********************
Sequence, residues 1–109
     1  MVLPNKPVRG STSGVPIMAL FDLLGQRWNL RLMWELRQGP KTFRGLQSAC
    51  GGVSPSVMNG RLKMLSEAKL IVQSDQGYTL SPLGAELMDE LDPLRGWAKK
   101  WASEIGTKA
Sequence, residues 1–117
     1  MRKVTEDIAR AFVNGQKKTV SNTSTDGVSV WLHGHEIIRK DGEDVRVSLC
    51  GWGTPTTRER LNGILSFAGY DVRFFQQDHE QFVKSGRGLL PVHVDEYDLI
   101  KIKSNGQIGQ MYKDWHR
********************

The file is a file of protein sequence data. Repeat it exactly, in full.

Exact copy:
Sequence, residues 1–109
     1  MVLPNKPVRG STSGVPIMAL FDLLGQRWNL RLMWELRQGP KTFRGLQSAC
    51  GGVSPSVMNG RLKMLSEAKL IVQSDQGYTL SPLGAELMDE LDPLRGWAKK
   101  WASEIGTKA
Sequence, residues 1–117
     1  MRKVTEDIAR AFVNGQKKTV SNTSTDGVSV WLHGHEIIRK DGEDVRVSLC
    51  GWGTPTTRER LNGILSFAGY DVRFFQQDHE QFVKSGRGLL PVHVDEYDLI
   101  KIKSNGQIGQ MYKDWHR